It is harder to create out-of-range channel values with the shorthand filters than with SVG filters, but you can still do it. The contrast filter is the only one that can create negative out-of-range values. What you're actually seeing with hue-rotate is too-high out-of-range values (greater than 255 when converted to RGB). Blown-out highlights like that can also be created with brightness and sepia filters.

Here's an example of a filter effect that relies on contrast() values getting clamped:

https://codepen.io/AmeliaBR/pen/zpJwYX?editors=0100

The real issue with the code @ConradIrwin posts is that the hue-rotate() filter is designed to preserve luminance while changing hue, and different hues have different potential luminance ranges within the RGB gamut. So when you rotate from a bright green to a blue hue, there is no way for blue to be as bright (by luminance measure) as the green was.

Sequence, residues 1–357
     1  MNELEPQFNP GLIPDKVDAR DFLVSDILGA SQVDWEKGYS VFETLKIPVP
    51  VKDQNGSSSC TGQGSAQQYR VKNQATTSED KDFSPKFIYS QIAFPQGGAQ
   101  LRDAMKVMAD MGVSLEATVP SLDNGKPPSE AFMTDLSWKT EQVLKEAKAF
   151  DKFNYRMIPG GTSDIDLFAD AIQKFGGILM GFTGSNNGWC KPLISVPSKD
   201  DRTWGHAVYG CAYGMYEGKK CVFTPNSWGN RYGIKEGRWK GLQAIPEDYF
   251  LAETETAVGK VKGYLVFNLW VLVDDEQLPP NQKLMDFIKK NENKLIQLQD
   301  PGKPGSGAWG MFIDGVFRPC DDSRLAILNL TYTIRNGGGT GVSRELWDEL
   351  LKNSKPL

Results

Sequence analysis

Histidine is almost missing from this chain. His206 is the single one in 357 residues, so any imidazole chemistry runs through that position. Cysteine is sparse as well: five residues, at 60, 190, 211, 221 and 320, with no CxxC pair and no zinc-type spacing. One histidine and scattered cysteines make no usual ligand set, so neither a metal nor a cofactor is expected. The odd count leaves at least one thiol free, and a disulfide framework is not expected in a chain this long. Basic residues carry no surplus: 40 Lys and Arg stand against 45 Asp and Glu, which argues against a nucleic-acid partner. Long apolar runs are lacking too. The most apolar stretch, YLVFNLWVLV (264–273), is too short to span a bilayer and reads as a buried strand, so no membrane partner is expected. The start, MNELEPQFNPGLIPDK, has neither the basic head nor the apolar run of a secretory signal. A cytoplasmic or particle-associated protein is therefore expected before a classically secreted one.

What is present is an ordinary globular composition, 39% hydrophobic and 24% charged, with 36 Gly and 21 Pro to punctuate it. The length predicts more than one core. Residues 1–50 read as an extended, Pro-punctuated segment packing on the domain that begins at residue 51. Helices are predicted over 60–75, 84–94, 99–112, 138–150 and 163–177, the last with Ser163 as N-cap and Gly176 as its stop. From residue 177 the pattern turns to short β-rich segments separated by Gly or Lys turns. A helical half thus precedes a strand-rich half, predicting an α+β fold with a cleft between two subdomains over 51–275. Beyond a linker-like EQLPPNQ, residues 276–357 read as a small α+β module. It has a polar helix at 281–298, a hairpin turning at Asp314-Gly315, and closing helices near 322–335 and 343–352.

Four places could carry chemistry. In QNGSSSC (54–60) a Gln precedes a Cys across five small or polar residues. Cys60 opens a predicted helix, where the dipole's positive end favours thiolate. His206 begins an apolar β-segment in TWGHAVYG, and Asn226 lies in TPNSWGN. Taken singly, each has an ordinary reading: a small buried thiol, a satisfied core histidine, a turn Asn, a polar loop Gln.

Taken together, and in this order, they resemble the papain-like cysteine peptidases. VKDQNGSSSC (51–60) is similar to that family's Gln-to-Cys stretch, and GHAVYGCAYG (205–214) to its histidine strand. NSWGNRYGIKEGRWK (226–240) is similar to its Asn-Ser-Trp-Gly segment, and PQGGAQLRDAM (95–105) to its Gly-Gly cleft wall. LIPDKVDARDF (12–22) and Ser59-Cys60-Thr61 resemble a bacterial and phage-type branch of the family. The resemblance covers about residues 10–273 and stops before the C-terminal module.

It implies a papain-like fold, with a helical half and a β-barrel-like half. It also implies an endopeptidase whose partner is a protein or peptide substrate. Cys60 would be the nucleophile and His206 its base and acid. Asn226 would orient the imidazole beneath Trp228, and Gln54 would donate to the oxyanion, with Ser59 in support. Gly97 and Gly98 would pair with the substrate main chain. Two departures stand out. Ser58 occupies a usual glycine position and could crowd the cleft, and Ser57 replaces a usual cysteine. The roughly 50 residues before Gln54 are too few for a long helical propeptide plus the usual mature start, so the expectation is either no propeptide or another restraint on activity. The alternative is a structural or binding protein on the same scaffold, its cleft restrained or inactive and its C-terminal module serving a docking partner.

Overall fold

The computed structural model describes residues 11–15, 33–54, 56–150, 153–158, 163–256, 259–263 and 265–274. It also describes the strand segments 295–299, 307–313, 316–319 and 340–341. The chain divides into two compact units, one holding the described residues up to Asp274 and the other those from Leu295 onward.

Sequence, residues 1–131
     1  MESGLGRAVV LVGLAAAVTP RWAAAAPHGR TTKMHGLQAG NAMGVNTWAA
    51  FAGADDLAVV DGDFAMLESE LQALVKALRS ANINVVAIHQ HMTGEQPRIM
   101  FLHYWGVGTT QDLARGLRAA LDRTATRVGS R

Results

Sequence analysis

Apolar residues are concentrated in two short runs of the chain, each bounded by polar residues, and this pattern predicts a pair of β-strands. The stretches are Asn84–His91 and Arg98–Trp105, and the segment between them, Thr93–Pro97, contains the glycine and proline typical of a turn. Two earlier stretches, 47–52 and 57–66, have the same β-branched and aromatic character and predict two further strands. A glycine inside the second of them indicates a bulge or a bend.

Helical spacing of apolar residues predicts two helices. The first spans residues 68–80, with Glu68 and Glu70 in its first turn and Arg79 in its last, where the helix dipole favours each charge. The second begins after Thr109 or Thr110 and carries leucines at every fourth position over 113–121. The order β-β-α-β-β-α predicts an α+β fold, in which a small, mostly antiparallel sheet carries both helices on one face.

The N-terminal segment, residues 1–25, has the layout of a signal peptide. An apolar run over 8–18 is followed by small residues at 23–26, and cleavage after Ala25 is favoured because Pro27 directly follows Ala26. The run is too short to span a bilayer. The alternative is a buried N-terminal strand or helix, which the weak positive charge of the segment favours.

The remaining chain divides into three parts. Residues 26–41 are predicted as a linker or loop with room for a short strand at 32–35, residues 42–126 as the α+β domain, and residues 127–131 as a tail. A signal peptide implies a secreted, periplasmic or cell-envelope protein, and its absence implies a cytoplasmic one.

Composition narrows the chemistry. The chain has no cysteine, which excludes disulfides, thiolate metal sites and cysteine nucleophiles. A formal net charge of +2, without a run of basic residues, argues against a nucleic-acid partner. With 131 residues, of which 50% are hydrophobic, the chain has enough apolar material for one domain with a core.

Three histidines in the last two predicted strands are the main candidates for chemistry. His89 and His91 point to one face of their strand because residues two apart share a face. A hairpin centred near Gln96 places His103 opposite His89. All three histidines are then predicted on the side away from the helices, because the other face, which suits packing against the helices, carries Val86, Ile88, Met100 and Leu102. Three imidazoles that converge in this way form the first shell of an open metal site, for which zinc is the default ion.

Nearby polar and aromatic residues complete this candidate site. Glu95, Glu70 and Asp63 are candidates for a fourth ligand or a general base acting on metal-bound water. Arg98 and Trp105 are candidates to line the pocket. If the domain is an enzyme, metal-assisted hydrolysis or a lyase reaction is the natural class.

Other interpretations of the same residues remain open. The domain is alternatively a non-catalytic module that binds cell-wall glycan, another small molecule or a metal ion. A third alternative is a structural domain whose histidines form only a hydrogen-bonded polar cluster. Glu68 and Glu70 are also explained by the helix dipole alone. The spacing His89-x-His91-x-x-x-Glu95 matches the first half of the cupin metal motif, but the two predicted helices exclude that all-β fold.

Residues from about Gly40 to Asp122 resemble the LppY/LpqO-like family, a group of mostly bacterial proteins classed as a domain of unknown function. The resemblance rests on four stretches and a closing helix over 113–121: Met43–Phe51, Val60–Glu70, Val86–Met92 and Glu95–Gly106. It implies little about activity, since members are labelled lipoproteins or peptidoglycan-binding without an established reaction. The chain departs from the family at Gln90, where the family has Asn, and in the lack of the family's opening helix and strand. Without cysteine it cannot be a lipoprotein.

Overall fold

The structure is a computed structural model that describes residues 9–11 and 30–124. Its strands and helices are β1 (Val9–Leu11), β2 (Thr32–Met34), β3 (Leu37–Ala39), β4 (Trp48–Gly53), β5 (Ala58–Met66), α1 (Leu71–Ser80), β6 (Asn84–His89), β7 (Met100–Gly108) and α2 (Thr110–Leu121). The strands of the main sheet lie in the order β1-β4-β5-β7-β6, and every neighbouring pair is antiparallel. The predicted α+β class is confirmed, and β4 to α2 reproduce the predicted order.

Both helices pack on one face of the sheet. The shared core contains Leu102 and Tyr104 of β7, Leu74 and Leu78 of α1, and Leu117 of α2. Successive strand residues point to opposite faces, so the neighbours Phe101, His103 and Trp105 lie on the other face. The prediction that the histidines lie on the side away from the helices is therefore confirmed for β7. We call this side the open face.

The preserve-luminance adjustments are confusing in other situations, like trying to use hue-rotate to match an hsl() color (hsl() uses "lightness", not "luminance", treating the RGB channels equally; it's gamut directly matches the RGB gamut).

Ideally, there would be an extra parameter to hue-rotate to switch it to preserve "lightness" instead of "luminance":

filter: hue-rotate(180deg lightness)

Since this would a new feature, instead of a change to default behavior, it could be added in a future level of the spec if there is sufficient interest.

AmeliaBR commented Jan 16, 2018

Some filter effects rely on the fact that values are clamped after each operation.

It is harder to create out-of-range channel values with the shorthand filters than with SVG filters, but you can still do it. The contrast filter is the only one that can create negative out-of-range values. What you're actually seeing with hue-rotate is too-high out-of-range values (greater than 255 when converted to RGB). Blown-out highlights like that can also be created with brightness and sepia filters.